Things to Remember: Materiality, Memory and Identity
We remember the past materially. That is to say, the objects with which we surround ourselves are laden with memories. Some objects we preserve, others we throw away. Certain objects we cherish as our inheritance, while we are less attached to others. When we recall the past or want to share a memory with friends and family, we use photographs or souvenirs that we bought on a holiday trip. Over time, these objects will define what we will remember of the past, as well as how we remember it. Likewise, memorials and monuments are collective expressions of the will to remember particular events and, simultaneously, forget others that we deem less important or too disturbing to recall. Still, sometimes events that we choose to forget about manifest themselves unexpectedly in the form of objects we come across in the depth of wardrobes and drawers while moving house or, in a radically different context, a mass grave giving evidence of genocide at an unlikely location. While we reconnect with the past through objects, recent theories of material culture demonstrate that the material world is not simply a tool for us to remember but it can also build memories on its own. Recent scientific achievements, as well as the advance and ubiquity of digital devices at our disposal, bear testament to the ability of objects to remember for us, rather than we remembering through them.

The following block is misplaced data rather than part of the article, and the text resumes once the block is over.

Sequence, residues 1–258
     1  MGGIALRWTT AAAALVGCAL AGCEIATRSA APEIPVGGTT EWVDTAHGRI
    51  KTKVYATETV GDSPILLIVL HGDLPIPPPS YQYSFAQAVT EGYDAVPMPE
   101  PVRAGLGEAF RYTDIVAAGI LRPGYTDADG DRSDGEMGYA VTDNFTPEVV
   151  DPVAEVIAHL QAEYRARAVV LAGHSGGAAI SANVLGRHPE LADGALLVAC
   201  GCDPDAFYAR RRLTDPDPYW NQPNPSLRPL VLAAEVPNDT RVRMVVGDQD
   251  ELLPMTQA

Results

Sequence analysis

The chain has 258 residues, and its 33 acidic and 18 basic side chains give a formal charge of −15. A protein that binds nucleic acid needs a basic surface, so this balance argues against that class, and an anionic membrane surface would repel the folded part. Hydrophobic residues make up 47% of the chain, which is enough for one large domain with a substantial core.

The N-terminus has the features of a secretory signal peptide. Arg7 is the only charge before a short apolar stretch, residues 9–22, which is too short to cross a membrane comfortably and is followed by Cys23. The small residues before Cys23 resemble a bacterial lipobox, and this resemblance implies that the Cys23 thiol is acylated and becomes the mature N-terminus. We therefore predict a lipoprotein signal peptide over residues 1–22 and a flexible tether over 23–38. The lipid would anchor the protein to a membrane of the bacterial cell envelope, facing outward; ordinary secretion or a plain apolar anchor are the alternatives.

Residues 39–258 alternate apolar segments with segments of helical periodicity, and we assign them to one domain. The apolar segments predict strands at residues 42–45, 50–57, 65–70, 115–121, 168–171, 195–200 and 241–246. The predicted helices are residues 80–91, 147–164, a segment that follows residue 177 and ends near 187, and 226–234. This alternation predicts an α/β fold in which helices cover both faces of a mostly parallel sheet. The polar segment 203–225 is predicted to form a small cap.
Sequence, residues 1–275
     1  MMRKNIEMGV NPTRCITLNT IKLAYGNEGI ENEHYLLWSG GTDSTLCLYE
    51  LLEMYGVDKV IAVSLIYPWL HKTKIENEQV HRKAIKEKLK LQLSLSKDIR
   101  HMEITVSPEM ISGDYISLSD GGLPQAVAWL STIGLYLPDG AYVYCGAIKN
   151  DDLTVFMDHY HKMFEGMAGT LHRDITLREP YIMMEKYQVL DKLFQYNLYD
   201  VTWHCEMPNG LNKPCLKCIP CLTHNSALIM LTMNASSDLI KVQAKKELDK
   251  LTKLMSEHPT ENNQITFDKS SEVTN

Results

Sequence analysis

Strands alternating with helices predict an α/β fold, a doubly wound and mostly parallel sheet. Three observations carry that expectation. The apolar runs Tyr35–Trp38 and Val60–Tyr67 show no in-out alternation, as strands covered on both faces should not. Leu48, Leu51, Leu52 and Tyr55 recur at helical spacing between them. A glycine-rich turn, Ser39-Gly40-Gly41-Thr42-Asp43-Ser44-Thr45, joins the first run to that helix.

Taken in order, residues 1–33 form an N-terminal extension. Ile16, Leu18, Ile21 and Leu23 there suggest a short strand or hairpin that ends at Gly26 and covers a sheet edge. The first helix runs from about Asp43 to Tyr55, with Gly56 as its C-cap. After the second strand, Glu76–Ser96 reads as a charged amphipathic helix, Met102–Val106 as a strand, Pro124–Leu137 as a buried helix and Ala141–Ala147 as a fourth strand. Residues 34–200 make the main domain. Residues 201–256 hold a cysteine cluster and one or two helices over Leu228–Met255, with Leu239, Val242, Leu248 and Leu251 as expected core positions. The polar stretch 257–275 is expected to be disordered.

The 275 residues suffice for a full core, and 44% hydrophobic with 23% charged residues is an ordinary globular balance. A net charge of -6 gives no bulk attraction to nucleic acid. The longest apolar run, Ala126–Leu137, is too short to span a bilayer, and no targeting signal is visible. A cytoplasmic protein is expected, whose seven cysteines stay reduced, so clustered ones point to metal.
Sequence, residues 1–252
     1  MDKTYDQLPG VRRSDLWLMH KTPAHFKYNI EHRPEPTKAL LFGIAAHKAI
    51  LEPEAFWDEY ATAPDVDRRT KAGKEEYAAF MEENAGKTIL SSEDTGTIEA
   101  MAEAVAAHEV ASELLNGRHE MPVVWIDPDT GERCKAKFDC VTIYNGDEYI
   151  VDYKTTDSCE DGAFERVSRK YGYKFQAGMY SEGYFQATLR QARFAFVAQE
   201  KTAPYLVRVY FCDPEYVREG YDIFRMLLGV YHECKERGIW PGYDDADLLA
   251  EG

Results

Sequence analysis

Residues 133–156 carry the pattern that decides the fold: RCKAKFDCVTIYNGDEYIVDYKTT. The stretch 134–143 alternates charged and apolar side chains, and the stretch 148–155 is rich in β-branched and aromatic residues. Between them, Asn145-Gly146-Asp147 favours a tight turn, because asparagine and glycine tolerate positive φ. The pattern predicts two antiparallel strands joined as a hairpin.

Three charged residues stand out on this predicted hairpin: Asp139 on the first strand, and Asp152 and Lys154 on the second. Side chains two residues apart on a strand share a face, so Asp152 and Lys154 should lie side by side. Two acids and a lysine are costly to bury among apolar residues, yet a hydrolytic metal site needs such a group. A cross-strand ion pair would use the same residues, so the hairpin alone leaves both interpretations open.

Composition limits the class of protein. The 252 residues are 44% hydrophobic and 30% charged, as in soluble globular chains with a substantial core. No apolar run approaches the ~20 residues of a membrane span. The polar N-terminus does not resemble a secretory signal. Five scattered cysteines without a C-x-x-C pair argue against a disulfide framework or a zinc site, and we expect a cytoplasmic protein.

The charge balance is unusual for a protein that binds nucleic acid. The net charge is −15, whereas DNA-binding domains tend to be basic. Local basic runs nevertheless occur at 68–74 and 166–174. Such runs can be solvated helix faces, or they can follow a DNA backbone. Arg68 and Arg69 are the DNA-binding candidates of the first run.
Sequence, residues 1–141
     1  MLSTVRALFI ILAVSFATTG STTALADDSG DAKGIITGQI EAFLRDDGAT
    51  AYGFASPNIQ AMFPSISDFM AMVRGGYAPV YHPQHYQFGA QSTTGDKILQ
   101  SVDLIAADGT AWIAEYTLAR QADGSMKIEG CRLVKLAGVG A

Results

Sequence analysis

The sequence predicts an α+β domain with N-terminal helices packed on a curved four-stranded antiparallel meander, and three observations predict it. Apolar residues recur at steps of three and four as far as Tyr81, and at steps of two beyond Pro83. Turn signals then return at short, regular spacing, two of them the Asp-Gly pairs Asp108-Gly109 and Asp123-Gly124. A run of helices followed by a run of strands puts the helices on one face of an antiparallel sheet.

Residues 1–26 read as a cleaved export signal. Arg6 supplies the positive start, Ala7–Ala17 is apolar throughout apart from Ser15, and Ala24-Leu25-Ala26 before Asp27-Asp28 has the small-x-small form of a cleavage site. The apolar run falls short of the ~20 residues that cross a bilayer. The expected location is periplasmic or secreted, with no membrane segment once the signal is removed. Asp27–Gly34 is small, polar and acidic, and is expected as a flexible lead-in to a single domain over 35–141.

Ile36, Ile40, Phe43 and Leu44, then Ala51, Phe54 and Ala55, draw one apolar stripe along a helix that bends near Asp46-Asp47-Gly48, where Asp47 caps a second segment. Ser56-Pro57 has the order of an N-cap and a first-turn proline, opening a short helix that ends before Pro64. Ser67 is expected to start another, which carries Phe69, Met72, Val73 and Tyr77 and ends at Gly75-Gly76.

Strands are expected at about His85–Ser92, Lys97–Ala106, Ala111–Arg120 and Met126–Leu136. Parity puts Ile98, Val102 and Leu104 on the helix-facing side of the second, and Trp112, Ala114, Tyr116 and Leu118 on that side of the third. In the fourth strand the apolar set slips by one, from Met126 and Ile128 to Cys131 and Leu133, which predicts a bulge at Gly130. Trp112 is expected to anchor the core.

This summer course aims to introduce students into cutting-edge research that combines the recent achievements of Cultural Memory Studies and Material Culture Studies. Collectively known as the material turn in the humanities and social sciences, the recent upsurge of interest in materiality has given rise to a variety of theories, ranging from Bill Brown's "Thing Theory" through various forms of New Materialism, that have significantly influenced research into cultural memory over the past years. This course sets out to acquaint students with this rich body of research and theory in the form of lectures and seminars. In addition, the layered history of the city of Nijmegen and its surroundings yields a variety material remains to explore from the ancient Romans to the memorialization of the city's destruction during World War II. We will visit these sites in the form of field trips designed to apply and "test out" the theories discussed in classroom settings.
Dr. László Munteán
Cultural Studies (ACW)
The course fee includes the registration fee, course materials, access to library and IT facilities, coffee/tea, lunch, and a number of social activities.
€ 360 early bird - deadline 1 April 2017 (10%)
€ 340 partner + RU discount (15%)
€ 300 early bird + partner discount (25%)
Number of EC
2 ECTS credits
For more information please click "Further Official Information" below.